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His glassy essence, like an angry ape,

Plays such fantastic tricks before high heaven
As make the angels weep.

18 Here lies one who never drew

Blood himself, yet many slew.

19 It is an old fable that love is blind. But I think there are no eyes so sharp as those of lovers. I am sure there is not a shade upon Prue's brow that I do not instantly remark, nor an altered tone in her voice that I do not instantly observe.

20 But none of us remember all the benefits we owe him; they have come one by one, one driving out the memory of the other: it is only when we come to examine them all together, as the writer has done, who has a pile of books on the table before him—a heap of personal kindnesses from George Cruikshank (not presents, if you please, for we bought, borrowed, or stole every one of them)—that we feel what we owe him.

CHAPTER VI

THE ADJECTIVE

93. An Adjective is a word used to modify the meaning of a noun or a noun equivalent. Adjectives may be classified as: (1) Descriptive; (2) Demonstrative; (3) Indefinite; (4) Distributive; (5) Numeral; (6) Interrogative; (7) Relative.

Note 1: A Descriptive Adjective expresses some quality of the thing spoken of: as, "I have reached the highest point of all my glory."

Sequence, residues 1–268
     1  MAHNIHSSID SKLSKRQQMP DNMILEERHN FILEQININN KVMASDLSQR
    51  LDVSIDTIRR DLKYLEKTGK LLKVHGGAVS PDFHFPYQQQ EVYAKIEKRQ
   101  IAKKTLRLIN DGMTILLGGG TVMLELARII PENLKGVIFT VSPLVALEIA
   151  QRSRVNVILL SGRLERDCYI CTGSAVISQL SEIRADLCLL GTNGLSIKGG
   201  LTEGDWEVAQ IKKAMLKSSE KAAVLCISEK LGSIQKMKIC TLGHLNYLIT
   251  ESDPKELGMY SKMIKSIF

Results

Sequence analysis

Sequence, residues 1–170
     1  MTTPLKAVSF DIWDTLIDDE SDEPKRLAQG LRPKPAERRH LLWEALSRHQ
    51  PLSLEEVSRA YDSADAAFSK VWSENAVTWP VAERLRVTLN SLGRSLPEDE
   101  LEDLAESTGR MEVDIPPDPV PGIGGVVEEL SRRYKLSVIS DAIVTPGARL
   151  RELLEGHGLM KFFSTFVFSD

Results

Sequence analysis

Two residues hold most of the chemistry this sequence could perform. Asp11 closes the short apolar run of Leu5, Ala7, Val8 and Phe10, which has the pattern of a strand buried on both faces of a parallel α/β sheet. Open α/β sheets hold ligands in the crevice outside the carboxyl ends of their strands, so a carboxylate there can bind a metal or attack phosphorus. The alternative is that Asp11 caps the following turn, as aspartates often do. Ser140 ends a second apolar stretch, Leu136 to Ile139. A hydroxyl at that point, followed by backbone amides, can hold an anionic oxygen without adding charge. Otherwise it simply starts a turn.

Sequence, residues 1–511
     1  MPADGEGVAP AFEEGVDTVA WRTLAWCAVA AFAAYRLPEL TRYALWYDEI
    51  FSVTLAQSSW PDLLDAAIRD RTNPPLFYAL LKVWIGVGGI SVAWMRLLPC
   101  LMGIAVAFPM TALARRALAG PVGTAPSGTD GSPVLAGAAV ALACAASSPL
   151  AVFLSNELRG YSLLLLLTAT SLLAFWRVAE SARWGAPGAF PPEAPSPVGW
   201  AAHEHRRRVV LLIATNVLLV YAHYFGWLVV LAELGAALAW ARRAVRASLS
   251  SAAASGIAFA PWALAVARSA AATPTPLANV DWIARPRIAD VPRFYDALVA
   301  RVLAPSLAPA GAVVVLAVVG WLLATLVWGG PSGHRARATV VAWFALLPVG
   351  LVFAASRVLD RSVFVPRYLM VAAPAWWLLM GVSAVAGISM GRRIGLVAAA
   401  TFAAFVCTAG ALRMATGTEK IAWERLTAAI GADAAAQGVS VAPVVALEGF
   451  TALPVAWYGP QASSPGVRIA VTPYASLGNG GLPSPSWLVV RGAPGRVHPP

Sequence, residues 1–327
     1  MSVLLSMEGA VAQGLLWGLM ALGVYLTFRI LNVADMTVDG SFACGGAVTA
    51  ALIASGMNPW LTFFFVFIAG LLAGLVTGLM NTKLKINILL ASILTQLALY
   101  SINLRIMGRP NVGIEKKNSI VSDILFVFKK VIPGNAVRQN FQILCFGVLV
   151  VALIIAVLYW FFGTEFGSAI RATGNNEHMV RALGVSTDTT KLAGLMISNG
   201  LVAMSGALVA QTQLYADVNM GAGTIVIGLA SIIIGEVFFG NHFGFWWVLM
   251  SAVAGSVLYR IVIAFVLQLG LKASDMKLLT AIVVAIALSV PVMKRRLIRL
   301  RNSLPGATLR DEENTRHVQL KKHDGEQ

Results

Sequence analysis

Note 2: Participial Adjectives (52) and Proper Adjectives (derived from Proper Nouns) may be classified as Descriptive Adjectives: as, "Tennyson made the Arthurian legend the subject of an epic cycle."

Note 3: Adjectives used as complements of Intransitive and Passive Verbs may refer to noun clauses or phrases used as subjects: as, "To be weak is miserable."

Note 4: The Adjectives like and near are followed by nouns or pronouns in the Objective Case after to understood.

Note 5: An Adjective preceded by the may become a Noun: as, "None but the brave deserves the fair."

Exercise 67. In the following sentences, find the descriptive adjectives and tell to what each relates:

1 Faint and fainter sounds the flute.

2 Yet beautiful and spacious

The wise old world appears.

3 No longer leave thy wistful flock unfed.

4 Death, be not proud, though some have called thee Mighty and dreadful, for thou art not so.

5 Nothing useless is, or low,

Each thing in its place is best.
6 In his chamber, weak and dying,
Was the Norman baron lying.

7 Sounds of the village grow stiller and stiller,
Stiller the notes of the birds on the hill;
Dusty and dim are the eyes of the miller,
Deaf are his ears with the moil of the mill.

8 Blinking embers, tell me true,

Where are those armies marching to,
And what the burning city is
That crumbles in your furnaces.
9 There dwells a loved one,
But cruel is she!

She left lonely forever

The kings of the sea.

10 He sinks into thy depths with bubbling groan, Without a grave, unknell'd, uncoffin'd, and unknown. 11 August next, with cider mellow,

Laughs from out the poppied corn.

12 How sweet it were, hearing the downward stream, With half-shut eyes ever to seem

Falling asleep in a half-dream.

13 With pipe and flute the rustic Pan Of old made music sweet for man.